Computing stuff tied to the physical world

Time for a new mousetrap

In Hardware on Oct 1, 2011 at 00:01

It’s been a while. In December 2008, I posted about my setup for detecting the rotation of my electricity and gas meters. This was before the JeeNode even existed. It was built with an RBBB plus RFM12B with voltage dividers.

That setup has been running ever since, probably sending over a million packets around the airwaves here at JeeLabs. But it’s getting a bit old – and it’s still that dangling mess of wires. Besides, I’d really like to get a more up-to-date setup going: the current unit is still using the old v1 RF12 protocol, so it needs a specially-built receiver to pick up the packets. Then again, I don’t want to replace it before there is a sufficiently stable alternative.

First thing I did quite a while back was to get an extra electricity meter, if only to avoid the constant runs up and down the stairs. That way I can hook up a scope, and try things at my leisure:

DSC 2659

I also wanted to experiment with different sensors, so I tried the GP2S700HCP, which is a tiny SMD device:

DSC 2660

Unfortunately, the range is a bit low -it’s specified as 0.5 .. 5.5 mm. That translates to a fairly weak signal:

Screen shot 2011 06 29 at 02 16 43

About 150 mV swing on a 1.8 V signal, it seems. Hm… I might go for the venerable CNY70 after all. That’s the sensor most people seem to be using. I was hoping to find something smaller, because it would be easier to create a mounting solution for it.

Even better would be to try and detect the irregularities around the entire Ferraris wheel, and perhaps also to detect variations on the digits of the gas meter.

More tinkering needed…

  1. Speaking of mice, I once tried to mount the sensor of an optical mouse to my ferraris meter. That would make it possible to monitor the movement of the wheel itself instead of looking for the black or red line. Unfortunately I could not find a good replacement lens to change the focal distance.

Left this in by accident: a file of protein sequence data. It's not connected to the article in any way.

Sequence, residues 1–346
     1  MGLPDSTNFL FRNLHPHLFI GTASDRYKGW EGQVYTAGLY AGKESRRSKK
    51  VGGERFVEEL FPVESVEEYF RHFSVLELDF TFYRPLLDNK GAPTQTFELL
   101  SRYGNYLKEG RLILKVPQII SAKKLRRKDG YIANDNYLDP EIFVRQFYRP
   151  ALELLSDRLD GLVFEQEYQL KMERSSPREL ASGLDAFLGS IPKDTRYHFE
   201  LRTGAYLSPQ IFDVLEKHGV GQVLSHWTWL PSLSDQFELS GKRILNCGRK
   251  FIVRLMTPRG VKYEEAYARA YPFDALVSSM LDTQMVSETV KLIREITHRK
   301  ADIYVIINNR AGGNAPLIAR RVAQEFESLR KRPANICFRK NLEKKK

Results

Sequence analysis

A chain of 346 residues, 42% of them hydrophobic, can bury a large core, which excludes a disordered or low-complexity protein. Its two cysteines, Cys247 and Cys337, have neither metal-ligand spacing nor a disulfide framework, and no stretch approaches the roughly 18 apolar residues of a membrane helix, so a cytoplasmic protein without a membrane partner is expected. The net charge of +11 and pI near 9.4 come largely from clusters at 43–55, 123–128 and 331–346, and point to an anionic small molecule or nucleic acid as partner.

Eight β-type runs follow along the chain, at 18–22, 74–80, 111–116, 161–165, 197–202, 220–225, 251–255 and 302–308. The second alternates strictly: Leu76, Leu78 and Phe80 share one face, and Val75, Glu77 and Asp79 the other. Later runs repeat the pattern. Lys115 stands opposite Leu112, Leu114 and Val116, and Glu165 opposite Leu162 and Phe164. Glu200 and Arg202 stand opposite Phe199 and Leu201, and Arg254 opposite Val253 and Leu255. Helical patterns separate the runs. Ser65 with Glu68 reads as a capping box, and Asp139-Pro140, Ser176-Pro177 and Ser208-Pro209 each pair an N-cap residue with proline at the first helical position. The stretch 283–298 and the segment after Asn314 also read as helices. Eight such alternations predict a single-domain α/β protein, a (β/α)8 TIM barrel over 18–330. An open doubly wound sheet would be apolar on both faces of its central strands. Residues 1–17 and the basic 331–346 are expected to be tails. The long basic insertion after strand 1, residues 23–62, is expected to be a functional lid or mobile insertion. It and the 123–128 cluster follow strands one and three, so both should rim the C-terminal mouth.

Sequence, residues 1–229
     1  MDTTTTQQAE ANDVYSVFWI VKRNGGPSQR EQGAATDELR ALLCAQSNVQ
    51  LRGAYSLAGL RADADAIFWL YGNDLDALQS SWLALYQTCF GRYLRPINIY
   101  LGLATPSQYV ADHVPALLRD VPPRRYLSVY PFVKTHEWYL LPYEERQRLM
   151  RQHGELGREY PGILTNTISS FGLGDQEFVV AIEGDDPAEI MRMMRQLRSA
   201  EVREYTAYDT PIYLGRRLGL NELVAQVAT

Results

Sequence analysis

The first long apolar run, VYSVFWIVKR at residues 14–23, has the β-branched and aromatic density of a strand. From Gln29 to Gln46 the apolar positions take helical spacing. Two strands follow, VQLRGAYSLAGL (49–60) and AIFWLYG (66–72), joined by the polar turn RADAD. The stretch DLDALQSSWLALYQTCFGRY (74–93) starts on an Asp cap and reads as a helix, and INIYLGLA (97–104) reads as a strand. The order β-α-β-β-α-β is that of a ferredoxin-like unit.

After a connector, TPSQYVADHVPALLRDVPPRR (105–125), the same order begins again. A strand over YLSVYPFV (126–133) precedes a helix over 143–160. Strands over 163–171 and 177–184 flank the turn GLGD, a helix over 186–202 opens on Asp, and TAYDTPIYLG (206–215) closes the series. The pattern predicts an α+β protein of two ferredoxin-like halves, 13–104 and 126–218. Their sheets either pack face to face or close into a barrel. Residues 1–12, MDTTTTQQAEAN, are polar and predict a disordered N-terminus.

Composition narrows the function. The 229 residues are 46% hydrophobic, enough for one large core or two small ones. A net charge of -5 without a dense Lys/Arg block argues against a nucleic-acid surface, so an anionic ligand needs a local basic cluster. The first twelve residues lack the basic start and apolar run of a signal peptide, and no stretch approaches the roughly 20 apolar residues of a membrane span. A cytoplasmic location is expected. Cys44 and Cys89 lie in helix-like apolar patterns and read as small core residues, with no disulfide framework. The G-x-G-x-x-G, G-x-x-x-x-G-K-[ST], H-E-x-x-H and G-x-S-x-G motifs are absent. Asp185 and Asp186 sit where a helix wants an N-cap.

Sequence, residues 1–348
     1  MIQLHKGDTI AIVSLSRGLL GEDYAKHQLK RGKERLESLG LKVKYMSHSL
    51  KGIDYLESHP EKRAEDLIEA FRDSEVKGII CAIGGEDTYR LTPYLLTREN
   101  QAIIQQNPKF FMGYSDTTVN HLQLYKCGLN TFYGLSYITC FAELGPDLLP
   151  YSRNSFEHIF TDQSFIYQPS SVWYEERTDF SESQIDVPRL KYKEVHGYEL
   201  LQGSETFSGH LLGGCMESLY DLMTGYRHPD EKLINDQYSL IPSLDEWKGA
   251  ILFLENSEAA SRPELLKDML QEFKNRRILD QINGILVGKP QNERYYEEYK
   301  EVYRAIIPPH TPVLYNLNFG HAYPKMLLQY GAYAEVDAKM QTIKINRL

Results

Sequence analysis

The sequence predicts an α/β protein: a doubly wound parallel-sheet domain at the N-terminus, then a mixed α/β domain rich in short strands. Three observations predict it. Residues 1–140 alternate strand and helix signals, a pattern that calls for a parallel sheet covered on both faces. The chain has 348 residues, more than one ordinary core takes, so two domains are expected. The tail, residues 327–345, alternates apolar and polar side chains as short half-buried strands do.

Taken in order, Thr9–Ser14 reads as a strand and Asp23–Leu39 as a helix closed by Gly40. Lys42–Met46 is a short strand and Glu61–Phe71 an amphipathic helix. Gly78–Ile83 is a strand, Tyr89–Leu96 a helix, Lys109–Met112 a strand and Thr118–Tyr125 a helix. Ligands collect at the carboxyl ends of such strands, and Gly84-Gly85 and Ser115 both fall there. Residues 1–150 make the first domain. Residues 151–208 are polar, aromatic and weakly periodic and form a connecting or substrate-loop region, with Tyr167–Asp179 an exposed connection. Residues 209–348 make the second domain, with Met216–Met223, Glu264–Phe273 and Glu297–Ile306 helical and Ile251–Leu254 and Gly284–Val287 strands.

• Oooh, that’s a cunning idea. Only trouble is mice can be a bit hit or miss with shiny surfaces – You wouldn’t want to have one of those “whizz across screen” moments translated into power consumption!

    • I’ve been wanting to do the same, and held back for exactly the same reason. A well-focused image is probably needed to be able to detect more than the black marker.

  2. Ive used a QRD1114 to detect passes of the “black zone” on our ferraris-meter, signalstrength (difference between peak compared to the rest of the readings) was more or less the same as you report and extremely sensitive to the positioning of the QRD. I can even see effects of temperature on the signalstrength.

    cheers Cor

  3. Hello,

    I’m also interesting by such measurement, but no test have been done at this time by myself. I guest that a side to side emitter and sensor are poor because of the front glass reflectivity. Better result probably could reach with an pair of tilted emitter and sensors.

    Just a schematic in order to illustrate :

    Hope it’s useful.

    • Are you sure about that? Reflectance is very low at 90°, and gets higher as you tilt further away from the surface normal vector.

  4. I had a similar go with our mechanical meter. I used a piezo sensor to pick up the ‘tick’ as it went around. Sort-of worked but I couldn’t get rid of surrounding noise.

  5. I built the same thing with a CNY70, but I added a schmitt-trigger to the circuit, giving me a clean 0/5v signal (could be 3.3V to offcourse) I would suggest however to build it with 2 CNY’s, detecting the rotation direction of the disc. I’ve recently installed solar panels and the meter is turning in both directions now, making my readings totally unreliable now.

  6. Hi,

    You’re right, the reflectance is low at normal incidence (~ 4% with n=1.5). But, in other hand the interesting signal is probably a small part of the transmitted light beam. There is several losses for this signal a) between source and the well b) at the surface of the whell (reflectivity) c) between whell and sensor

    I don’t really know if my assumptions are in line with the reality ?

  7. I just did 2 experiments on my kWh meter: CNY70: U=5V, Rdiode=150 Rcollector=10k => Ucollector= reflected=4V / black spot=4.5V TRCT5000: same values: => Ucollector = 0.25V / 2.5V The TRCT5000 has a specified distance range of 15mm whereas the CNY70 only goes to 5mm. Looks like both are useable but the TRCT500 is much more sensitive.

    • Interesting indeed – but what’s a TRCT500 / TRCT5000?

      Update – never mind, found it – TCRT5000. I’ll try it out, thanks.

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